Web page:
Each of these scenarios are using various enabling technologies (e.g. carrier aggregation [CA], Bandwidth Parts, enhanced Licensed Assisted Access [eLAA] and Dynamic Spectrum Sharing [DSS]), whose overall performance evaluation and troubleshooting requires testing at device-level in order to optimize their benefits from the user perspective.

In addition, spectrum is divided for different services and levels of quality of service (QoS), which increases the number of tests needed towards a deployed site. Consequently, automated and remote device-based data collection and analysis become crucial during rollout.

4. Network flexibility and scalability

The newly introduced technologies (e.g. flexible numerology and slot structure) embedded in lower layers enable the flexibility and scalability of 5G network designed to support various uses cases with different requirements. In addition, virtualization of the RAN along with the core, as well as the utilization of Mobile Edge Computing (MEC) implemented at RAN layers, are the main enablers of URLLC-type services and applications.

However, the ultimate benefit of these new network characteristics on the user (or machine) experience of a specific service/application can be evaluated only using device-based measurements.

5. Network slicing, one of the most significant consideration for 5G NR testing

We move on to one of the most significant areas of 5G NR testing: service-based architecture enabled by the Control User Plane (CUP) split and network slicing to support eMBB, along with simultaneous IoT verticals (mMTC, URLLC categories) with diverse and in some cases opposite performance requirements.

The network slicing concept per se emerged earlier in 3GPP with the QCI allocation to various LTE bearers. With 5G the concept evolves into dynamic network slicing functionality, which enables low-cost real-time service configuration with the ability to deliver specific SLAs for specific groups of application or type of client, etc, thus opening the possibility of a vast array of new and potentially disruptive use cases, and vertical and horizontal opportunities across a wide variety of industries and sectors, such as C-V2X applications and autonomous drones.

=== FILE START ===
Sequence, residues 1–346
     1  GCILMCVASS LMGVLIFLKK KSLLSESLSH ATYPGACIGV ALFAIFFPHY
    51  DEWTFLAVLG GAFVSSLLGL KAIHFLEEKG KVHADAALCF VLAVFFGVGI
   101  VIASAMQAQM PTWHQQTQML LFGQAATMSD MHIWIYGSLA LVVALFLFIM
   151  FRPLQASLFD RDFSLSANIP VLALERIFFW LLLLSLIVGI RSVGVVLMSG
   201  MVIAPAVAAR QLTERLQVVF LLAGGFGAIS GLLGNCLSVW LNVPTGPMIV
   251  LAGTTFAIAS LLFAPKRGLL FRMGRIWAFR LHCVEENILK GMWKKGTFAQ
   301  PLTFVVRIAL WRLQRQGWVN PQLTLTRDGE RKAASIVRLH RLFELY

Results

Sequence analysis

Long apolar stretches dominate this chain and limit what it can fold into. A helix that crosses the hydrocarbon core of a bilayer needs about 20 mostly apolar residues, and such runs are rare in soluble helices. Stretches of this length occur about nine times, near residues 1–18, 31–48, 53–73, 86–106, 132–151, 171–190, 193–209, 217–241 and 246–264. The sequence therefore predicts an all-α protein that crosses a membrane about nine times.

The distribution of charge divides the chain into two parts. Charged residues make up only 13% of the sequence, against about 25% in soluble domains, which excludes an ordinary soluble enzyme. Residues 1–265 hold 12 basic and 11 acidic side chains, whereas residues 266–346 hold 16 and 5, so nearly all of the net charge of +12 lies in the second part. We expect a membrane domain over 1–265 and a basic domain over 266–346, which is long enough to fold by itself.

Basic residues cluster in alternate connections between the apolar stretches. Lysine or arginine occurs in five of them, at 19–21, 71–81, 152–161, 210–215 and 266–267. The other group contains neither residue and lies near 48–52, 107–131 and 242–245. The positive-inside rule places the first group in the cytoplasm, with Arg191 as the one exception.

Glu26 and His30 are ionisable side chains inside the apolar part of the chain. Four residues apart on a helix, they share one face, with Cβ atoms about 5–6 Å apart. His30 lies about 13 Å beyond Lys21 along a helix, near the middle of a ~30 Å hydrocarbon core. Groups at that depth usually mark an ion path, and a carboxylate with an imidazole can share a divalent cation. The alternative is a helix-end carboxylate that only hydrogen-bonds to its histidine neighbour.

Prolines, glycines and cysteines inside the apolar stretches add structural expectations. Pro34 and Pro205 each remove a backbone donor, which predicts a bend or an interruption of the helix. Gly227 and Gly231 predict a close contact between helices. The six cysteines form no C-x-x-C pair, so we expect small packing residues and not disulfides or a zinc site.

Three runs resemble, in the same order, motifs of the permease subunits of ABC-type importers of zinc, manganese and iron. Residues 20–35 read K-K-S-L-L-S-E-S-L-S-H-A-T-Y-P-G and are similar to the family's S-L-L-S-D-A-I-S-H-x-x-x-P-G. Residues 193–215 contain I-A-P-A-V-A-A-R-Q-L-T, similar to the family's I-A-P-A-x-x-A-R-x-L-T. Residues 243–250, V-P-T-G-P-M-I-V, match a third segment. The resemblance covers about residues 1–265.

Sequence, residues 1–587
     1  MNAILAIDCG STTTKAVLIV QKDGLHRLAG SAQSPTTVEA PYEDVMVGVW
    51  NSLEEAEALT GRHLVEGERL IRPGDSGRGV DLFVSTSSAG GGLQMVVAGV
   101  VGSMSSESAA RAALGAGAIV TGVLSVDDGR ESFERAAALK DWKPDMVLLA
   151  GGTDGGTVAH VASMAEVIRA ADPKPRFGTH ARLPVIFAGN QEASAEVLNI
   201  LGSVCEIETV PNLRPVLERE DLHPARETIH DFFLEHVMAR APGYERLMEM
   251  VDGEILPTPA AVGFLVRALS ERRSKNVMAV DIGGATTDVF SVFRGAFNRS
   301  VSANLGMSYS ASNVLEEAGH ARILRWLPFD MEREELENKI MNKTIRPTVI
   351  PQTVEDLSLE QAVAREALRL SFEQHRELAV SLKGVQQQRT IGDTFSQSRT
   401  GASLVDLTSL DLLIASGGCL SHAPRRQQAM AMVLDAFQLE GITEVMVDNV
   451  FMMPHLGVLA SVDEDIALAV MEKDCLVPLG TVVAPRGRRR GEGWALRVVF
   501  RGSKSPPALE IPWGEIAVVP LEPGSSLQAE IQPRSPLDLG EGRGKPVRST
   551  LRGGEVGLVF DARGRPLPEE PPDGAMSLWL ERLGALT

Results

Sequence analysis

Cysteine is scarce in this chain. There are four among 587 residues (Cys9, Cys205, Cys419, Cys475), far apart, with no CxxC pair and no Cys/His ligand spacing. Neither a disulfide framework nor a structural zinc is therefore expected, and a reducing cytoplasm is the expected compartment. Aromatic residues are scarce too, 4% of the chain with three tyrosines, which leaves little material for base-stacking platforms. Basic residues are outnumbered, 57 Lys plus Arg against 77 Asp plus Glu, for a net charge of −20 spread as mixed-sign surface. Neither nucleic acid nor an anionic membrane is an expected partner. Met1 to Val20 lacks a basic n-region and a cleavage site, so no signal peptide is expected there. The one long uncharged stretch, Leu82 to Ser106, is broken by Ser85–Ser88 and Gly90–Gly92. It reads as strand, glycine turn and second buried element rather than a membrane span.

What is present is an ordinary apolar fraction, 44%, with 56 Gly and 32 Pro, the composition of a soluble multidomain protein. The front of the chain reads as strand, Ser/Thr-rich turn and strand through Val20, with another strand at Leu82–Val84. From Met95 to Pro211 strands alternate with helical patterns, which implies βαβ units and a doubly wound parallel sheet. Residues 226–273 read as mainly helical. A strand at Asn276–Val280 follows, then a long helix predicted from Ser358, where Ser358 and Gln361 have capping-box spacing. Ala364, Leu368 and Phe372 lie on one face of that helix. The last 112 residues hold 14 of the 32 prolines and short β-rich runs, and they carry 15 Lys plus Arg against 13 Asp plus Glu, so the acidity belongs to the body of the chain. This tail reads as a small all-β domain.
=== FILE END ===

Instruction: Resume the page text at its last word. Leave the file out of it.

The testing that’s needed is service- and user-centric, and is expected to involve two types of testing.

First, it is required to evaluate/benchmark and troubleshoot if a dedicated slice meets the SLA performance metric (KPIs such as availability, connectivity, reliability, latency, and throughput), as well as the slice’s efficient allocation (e.g. idle time or traffic load). This is likely to be achieved through various probes in the network and/or PM-type of data sources.

Second, within each slice, and/or combination of slices, the performance of a particular vertical (e.g. VR within URLCC and eMBB slices or V2X within URLCC) is met at device-level. In this case, device-centric testing enables evaluation and troubleshooting/optimization based on service/application requirements such as coverage availability, connectivity, reliability and latency in a connected car scenario.

A high-level summary of KPIs requirements per slice / 5G use cases is presented in a table in the white paper. In targeting these KPIs, the MNOs have to figure out what is cost-effective for them and then how to make those KPIs into policies that are implemented in their network. For example, the parameters and metrics used to tune a RAN to work well in Downtown City 1 may not work in Downtown City 2, due weather, for example; mmWave may propagate differently in each of those different cities.

In conclusion

As we can see, 5G-related disruptions have a strong impact on testing in general, with an important requirement for device-centric testing. Therefore, the ‘drive testing’ concept not only remains in place for 5G NR testing, but plays an even more important role with 5G NR due to the user/machine-centric design of 5G. That said, we should underline the fact that significant transformation towards automated and autonomous drive testing, as well as evolution to intelligent measurement clients embedded on devices, will play a crucial role in 5G NR testing.

This blog post is based on a section of a detailed white paper, which you can download here.